Archives For fall

Did you know that pin oaks hold their anthocyanin-rich leaves through the fall? Or that the oldest oak at the Chicago Botanic Garden is a white oak that lives near the Lake Cook entrance? Download our infographic below to learn more about the popular and beautiful native oak trees we are celebrating this October and beyond.

Oaktober infographic to color

©2015 Chicago Botanic Garden and

Fall is the season to spend outdoor time with the family. With school occupying the weekdays and thoughts of the busy holidays ahead, every autumn weekend counts!

For some families, “Let’s go look at the leaves” works as an autumn weekend rallying cry year after year (Welcome back!). But other families need a little more than color for motivation. Here are our suggestions for some fun fall things to do together at the Chicago Botanic Garden—and what to say to get the kids interested:

PHOTO: Beekeeper Ann Stevens adds bees to a hive this past spring.

Beekeeper Ann Stevens adds bees to a hive this past spring. Find out how those bees did this summer, and get more beekeeping questions answered in person!

“Let’s go meet the beekeepers.”

Harvest Weekend is September 19 to 20. The whole family can head out to the Regenstein Fruit & Vegetable Garden for a day full of fun and interesting topics: talk face-to-hood with the beekeepers; sample the apple expert’s varieties and discuss how to plant an apple tree in your yard; learn how to pickle, can, and preserve and how to keep growing veggies into winter; and join in on a honey tasting! There’s fun stuff for little kids, of course, and for foodies there’s a cookbook swap—bring a gently used cookbook and take a “new” one home!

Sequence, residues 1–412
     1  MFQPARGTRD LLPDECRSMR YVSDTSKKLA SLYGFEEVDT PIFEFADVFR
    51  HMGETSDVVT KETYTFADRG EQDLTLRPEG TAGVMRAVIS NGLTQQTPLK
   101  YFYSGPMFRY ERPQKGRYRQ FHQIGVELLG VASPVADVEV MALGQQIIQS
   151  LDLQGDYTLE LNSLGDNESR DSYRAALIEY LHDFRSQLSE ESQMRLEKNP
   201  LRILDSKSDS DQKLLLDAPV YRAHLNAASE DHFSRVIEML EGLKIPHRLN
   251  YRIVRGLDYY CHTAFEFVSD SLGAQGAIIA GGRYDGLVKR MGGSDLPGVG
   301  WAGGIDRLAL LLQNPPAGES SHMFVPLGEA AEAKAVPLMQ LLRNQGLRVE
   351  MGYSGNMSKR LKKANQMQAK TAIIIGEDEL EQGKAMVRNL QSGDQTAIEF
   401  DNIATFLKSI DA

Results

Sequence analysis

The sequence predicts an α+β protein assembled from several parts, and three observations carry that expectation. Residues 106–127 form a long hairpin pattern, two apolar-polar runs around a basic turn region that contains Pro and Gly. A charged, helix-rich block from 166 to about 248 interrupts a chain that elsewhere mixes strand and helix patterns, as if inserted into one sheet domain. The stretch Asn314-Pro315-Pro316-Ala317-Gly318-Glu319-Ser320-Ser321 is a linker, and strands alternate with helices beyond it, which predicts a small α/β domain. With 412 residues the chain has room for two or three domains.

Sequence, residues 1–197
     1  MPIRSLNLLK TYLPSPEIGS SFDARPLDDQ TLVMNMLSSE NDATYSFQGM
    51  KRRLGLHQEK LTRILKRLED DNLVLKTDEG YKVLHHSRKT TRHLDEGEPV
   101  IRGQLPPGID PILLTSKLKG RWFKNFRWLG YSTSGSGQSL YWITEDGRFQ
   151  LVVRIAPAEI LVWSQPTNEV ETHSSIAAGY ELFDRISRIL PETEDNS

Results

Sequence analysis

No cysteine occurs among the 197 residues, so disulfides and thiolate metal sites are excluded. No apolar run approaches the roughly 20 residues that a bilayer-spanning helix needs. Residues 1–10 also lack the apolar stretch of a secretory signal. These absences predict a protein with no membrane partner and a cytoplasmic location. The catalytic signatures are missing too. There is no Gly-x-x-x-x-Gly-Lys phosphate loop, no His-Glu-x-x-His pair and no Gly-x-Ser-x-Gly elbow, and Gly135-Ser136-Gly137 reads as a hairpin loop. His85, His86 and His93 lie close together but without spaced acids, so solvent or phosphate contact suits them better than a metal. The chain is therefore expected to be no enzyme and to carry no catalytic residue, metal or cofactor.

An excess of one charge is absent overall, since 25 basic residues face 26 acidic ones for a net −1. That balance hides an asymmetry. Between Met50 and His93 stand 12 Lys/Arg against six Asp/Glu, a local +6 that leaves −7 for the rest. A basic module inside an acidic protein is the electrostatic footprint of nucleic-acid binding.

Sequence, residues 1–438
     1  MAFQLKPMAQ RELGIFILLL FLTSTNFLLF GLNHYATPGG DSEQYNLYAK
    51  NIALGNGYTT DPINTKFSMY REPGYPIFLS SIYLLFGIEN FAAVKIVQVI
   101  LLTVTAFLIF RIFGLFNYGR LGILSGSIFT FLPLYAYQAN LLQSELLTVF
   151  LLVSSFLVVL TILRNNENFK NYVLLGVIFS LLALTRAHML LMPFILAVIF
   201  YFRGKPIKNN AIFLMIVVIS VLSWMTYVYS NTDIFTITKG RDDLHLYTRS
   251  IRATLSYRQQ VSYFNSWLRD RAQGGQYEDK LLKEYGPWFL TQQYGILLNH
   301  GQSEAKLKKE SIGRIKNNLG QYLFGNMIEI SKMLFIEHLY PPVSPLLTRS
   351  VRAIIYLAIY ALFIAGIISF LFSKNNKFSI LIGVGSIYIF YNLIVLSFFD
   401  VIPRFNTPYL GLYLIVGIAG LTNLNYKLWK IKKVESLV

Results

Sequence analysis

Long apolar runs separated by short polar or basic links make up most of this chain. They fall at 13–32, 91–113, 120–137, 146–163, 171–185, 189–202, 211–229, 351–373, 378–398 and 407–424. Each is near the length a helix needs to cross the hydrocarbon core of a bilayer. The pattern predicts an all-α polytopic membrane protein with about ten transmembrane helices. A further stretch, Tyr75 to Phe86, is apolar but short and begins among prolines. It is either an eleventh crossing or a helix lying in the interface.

Also that weekend: It’s the final Malott Japanese Garden Family Sunday of the season, a good day for exploring more about Japanese culture (creative kids will dig the gyotaku, or fish prints).

PHOTO: Biking to and from the Garden is better than ever with the North Branch Trail connection, and newly-available bike rentals.

Biking to and from the Garden is better than ever with the North Branch Trail connection, and newly available bike rentals.

“Let’s go for a bike ride.”

Rent a bike on site at the Garden or BYO (bike your own) here via the spiffy new Green Bay Trail linkup and North Branch Trail addition along Lake Cook Road. Park your bike at the Visitor Center or Daniel F. and Ada L. Rice Plant Conservation Science Center, and hike around to see the mums, the first fall color in the McDonald Woods, and the taller-than-your-head grasses in the Dixon Prairie.

Every weekend in September: free, fun activities for your toddlers, preschoolers, and elementary school kids! Bring them to Family Drop-ins under the arbor at the Regenstein Fruit & Vegetable Garden. Hands-on activities for fall include making pumpkin prints and playing sniff & guess!

PHOTO: Selfie spot! Gourd Mountain is a great backdrop for your fall photo.